The school hopes to incorporate journalists into the student body of its regular courses,in order to strengthen the military system's relationship with the media. Nigerian people expect the media to express a deep understanding and sympathy with the country's values, and to be very considerate in its coverage, ideas which may sound remote to Israeli or other foreign ears. The military's relationship with the media also enables the conduct of Information Operations in support of various national needs. The media also have an important role in determining the population's morale.

מודעות פרסומת

Lithuanian parliament takes another step towards Jewish restitution

VILNIUS, Jun 16, BNS – Lithuania's parliament on Thursday took yet another step regarding compensation of 128 million litas (EUR 37.1 mln) for Jewish property nationalized by totalitarian regimes.
The bill on Good Will Compensation for Real Estate of Jewish Religious Communities was approved for discussion by 77 votes in support, seven against and eight abstentions. The parliament is yet to vote on adoption of the draft legislation.
Under the bill, the compensation would be transferred to a special foundation, the governing body of which would represent the Jewish Community in Lithuania, the Religious Jewish Community of Lithuania and other Jewish religious, health, cultural and education organizations.
Jewish organizations have not reached a unified position on the government-initiated law – a few Jewish rabbis have asked the Lithuanian Seimas to vote down the proposal, stating disapproval to the payment of money to a foundation that would involve Jewish organizations operating in Lithuania.
The presented draft has also come under criticism from an organization that called itself the Jewish Religious Community of Kaunas. It is not satisfied with the fact that a compensation would be paid, in its opinion, to "a mystical fund comprised of institutions and organizations that have nothing to do with the continuity of Judaism traditions, the history of Lithuanian Jews and Jewish religious communities."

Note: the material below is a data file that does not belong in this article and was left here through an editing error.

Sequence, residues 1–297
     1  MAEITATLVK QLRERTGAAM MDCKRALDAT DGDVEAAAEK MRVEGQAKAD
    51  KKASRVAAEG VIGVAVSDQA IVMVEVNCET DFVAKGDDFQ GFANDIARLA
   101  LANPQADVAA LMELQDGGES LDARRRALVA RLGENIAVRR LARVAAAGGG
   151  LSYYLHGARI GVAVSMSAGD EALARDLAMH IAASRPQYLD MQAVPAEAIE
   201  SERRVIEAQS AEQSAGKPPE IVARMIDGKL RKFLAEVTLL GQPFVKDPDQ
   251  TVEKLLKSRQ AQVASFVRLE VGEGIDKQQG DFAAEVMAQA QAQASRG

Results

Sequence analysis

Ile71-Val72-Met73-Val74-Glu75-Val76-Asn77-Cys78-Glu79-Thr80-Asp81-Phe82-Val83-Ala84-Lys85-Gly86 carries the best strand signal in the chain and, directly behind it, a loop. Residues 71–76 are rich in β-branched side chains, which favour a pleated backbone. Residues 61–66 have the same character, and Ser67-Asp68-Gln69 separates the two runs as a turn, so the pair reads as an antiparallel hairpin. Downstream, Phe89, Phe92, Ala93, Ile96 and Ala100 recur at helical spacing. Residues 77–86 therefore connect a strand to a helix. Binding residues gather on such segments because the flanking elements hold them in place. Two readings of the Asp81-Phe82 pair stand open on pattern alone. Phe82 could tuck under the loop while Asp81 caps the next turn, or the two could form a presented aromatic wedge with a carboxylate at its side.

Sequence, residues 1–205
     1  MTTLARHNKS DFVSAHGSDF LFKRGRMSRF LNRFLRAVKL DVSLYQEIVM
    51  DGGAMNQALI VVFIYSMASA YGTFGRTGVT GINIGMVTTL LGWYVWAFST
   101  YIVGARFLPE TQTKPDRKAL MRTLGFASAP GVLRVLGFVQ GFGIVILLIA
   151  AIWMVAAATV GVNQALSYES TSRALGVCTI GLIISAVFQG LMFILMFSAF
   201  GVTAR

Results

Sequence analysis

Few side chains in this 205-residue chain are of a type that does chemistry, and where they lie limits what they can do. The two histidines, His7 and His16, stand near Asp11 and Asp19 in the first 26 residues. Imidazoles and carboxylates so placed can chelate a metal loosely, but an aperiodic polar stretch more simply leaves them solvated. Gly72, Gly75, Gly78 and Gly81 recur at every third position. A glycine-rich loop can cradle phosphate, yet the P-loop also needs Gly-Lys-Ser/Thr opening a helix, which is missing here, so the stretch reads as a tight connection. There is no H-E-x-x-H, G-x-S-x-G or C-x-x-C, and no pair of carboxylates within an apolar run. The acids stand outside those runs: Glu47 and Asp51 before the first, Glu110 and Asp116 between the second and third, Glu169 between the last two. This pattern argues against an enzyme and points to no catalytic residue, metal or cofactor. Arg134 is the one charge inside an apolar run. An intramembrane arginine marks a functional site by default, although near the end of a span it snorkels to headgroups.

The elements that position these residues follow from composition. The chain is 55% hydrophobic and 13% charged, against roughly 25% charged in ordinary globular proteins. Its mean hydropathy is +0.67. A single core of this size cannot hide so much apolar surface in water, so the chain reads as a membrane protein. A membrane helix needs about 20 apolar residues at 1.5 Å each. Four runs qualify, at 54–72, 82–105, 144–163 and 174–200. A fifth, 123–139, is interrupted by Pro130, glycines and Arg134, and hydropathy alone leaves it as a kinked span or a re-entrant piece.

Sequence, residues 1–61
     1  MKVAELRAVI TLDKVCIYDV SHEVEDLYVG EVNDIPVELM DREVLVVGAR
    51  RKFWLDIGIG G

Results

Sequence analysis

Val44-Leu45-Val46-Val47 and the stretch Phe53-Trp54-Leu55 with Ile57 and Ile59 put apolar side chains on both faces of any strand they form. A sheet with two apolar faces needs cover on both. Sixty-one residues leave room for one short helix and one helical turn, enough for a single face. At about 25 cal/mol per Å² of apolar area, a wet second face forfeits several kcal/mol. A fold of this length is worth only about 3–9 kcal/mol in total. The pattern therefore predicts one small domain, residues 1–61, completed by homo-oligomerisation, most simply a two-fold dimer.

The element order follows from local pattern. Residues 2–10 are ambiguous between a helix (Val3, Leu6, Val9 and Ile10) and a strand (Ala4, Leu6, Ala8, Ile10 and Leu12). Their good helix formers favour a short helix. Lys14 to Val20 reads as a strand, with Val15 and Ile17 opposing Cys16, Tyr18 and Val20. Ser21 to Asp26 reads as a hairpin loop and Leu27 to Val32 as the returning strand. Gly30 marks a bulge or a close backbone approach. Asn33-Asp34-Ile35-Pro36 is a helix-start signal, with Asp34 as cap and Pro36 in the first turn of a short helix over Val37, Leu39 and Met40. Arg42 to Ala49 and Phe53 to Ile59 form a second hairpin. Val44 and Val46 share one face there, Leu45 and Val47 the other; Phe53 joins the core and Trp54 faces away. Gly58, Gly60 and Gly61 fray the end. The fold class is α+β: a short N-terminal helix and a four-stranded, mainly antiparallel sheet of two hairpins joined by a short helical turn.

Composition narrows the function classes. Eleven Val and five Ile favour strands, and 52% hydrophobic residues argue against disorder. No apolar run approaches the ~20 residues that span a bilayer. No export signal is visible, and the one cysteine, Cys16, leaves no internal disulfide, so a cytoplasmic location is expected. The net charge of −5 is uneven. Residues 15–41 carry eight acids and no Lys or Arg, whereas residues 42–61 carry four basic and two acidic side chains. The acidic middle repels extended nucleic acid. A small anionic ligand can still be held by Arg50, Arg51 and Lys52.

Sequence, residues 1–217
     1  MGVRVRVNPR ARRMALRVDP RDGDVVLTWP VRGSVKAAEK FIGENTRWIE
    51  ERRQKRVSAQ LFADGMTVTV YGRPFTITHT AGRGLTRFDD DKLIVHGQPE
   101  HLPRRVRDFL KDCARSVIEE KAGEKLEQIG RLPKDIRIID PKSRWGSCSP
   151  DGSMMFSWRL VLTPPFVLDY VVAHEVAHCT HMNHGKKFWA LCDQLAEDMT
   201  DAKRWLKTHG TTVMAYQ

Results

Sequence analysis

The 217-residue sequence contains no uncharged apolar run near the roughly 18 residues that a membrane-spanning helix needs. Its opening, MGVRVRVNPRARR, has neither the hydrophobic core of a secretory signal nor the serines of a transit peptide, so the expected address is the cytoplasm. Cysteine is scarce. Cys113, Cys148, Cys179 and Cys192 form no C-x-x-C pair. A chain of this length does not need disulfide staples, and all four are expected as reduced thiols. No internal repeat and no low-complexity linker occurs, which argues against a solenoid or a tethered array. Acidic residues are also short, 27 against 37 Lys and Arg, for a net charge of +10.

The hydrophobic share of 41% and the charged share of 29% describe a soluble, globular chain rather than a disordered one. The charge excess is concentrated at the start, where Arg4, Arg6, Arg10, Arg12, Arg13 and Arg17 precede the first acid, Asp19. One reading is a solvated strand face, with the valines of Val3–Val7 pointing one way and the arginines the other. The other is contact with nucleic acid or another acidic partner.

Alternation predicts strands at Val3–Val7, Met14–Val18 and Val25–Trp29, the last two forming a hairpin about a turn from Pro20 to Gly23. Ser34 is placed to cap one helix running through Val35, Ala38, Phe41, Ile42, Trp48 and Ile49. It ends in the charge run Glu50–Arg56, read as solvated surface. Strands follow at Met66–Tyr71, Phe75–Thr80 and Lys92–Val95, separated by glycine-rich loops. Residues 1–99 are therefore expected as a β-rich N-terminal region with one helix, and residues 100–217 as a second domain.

Meanwhile, the Jewish Community of Lithuania backs the draft law stipulating that the Lithuanian government would pay 128 million litas in compensation for nationalized Jewish property in 2013-2023. The sum amounts to about a third of the value of all appropriated properties.
Authors of the draft said the law would demonstrate Lithuania's good will to restore historic justice, improve the relations between Lithuanian and Jewish nations, as well as state respect to human rights and commitments before the global Jewish community and international organizations. Furthermore, handover of relevant real estate would provide Lithuania with politically stronger positions in its talks with Russia on compensation of damages caused by the totalitarian regime.

Jewish reps thank Lithuanian administration for respect to old cemetery
VILNIUS, Jun 16, BNS – Representatives of the Jewish community on Thursday thanked the administration of Lithuania and Vilnius for the respect to the old Jewish cemetery.
“This is a day of triumph of democracy, when we see that negotiations and dialogue can solve conflicts by way of good will and understanding. This has been done between nations with different opinions, attitudes and religions," Rabbi Elyokim Schlessinger, chairman of the Rabbi Council of the Committee for the Preservation of Cemeteries in Europe, said at the ceremony of unveiling a memorial plaque at the former cemetery.
The ceremony next to the old Jewish cemetery of Snipiskes, a neighborhood in central Vilnius, was attended by Lithuanian Prime Minister Andrius Kubilius, Vilnius City Mayor Arturas Zuokas, other officials, foreign diplomats and representatives of the Jewish community.
Schlessinger expressed gratitude to Lithuania's government, embassies of the United States and the United Kingdom, the capital city's administration and residents.